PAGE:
Johnson & Johnson Notes on NursingGetting Real: Today’s Nurse

Get to Know Daniel Ampomah, Ph.D., RN, NE-BC, Chief Executive Officer of the Ghana Nursing and Health Center

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Daniel Ampomah, Ph.D., RN, NE-BC, is a faculty instructor at Chamberlain College of Nursing in Arlington, Va. and the chief executive officer of Ghana Nursing and Health Center. Dr. Ampomah received the 2015 DC/Maryland/Virginia Nurse.com GEM Award of Excellence in Volunteerism and Service.

Daniel Ampomah, Ph.D., RN, NE-BC, is a faculty instructor at Chamberlain College of Nursing in Arlington, Va. and the chief executive officer of Ghana Nursing and Health Center. Dr. Ampomah received the 2015 DC/Maryland/Virginia Nurse.com GEM Award of Excellence in Volunteerism and Service.

Q.
What surprised you the most about the nursing profession?
A.

Nursing actually wasn’t my first career path. When I arrived to the U.S. from Ghana, I changed course. My brother was going through some difficult health issues, and the people who made his life better were the nurses. I had a change of heart because of the compassion and care that I saw nurses bringing to the table. In nursing school, I thought bedside nursing was the only option available as a career trajectory for nursing. To my surprise, nursing is a huge and a diversified profession. You can aspire to be whatever you want to be. Opportunities for growth are found in areas such as: academia, law, forensic nursing, anesthesia, holistic nursing, case management, nurse executives, lobbyist and the list goes on and on.

Q.
We know you do a lot of work with the Ghanaian population residing in Northern Virginia. What is your favorite aspect of your work in the community?
A.

I host a health segment on a local radio station called, “Your Health is Wealth” that addresses health issues in the community. My favorite aspect is just getting into the studios of Ghana Tourist Coach Radio in Alexandria, Va. every Sunday afternoon and disseminating health-related information to my community. More than 7,000 people listen to my radio broadcast where I discuss prevalent health issues in that community, such as hypertension and diabetes. It is so fulfilling when people call and seek answers to questions that bother them!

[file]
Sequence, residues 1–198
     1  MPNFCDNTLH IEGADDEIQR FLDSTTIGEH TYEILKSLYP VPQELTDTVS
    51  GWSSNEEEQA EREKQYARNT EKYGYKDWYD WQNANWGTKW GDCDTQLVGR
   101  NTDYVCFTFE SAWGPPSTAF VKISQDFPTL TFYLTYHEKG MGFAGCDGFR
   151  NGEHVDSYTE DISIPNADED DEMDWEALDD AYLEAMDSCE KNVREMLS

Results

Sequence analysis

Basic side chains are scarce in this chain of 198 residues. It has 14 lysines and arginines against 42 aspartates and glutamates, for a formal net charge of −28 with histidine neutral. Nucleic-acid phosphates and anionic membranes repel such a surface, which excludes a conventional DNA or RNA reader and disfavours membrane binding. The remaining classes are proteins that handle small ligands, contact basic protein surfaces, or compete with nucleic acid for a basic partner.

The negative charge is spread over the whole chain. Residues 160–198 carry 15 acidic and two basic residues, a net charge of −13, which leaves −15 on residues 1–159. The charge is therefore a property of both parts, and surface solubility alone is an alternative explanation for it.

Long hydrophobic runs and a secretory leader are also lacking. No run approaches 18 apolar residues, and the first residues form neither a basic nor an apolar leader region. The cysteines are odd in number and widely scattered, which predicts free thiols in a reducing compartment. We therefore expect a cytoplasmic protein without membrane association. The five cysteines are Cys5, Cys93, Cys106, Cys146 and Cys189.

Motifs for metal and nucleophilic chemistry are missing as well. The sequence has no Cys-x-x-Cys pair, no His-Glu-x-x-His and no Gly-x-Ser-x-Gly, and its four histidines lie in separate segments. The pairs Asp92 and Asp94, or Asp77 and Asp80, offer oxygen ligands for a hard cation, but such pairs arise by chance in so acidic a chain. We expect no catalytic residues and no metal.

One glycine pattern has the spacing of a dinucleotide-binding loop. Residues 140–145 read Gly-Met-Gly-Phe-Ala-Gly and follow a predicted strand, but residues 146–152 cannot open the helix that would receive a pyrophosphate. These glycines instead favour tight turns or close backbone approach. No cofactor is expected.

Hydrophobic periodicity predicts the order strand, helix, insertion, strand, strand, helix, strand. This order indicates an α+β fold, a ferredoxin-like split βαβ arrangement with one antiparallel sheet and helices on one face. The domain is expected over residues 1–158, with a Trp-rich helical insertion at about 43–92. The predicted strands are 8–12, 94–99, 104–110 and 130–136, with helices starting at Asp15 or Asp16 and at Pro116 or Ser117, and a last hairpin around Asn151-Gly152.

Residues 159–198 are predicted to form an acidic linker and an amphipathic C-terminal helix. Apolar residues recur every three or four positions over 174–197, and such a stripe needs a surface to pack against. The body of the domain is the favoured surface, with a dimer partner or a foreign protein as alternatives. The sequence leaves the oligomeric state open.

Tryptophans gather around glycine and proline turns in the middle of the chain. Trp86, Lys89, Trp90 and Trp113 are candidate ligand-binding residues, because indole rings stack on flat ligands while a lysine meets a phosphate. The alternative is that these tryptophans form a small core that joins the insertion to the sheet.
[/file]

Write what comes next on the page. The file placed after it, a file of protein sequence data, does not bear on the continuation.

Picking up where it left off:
Q.
Looking ahead to the future of healthcare, why do you think participating in service and volunteerism is important? Why is it important for all nurses (regardless of specialty) to embrace giving back to the community?
A.

Nursing is a caring profession that offers me an opportunity to place my skills, talents and knowledge at the disposal of my community. All nurses, regardless of their specialty, have a unique responsibility of showing gratitude to their community by selflessly giving their caring hearts back to the community by way of volunteerism. I think it is not so much an act of generosity as a responsibility. The role of the nurse is to serve as the central custodian of community care. Nurses serve the community by providing health and wellness education and immediate care services, promote disease prevention and facilitate disease management.

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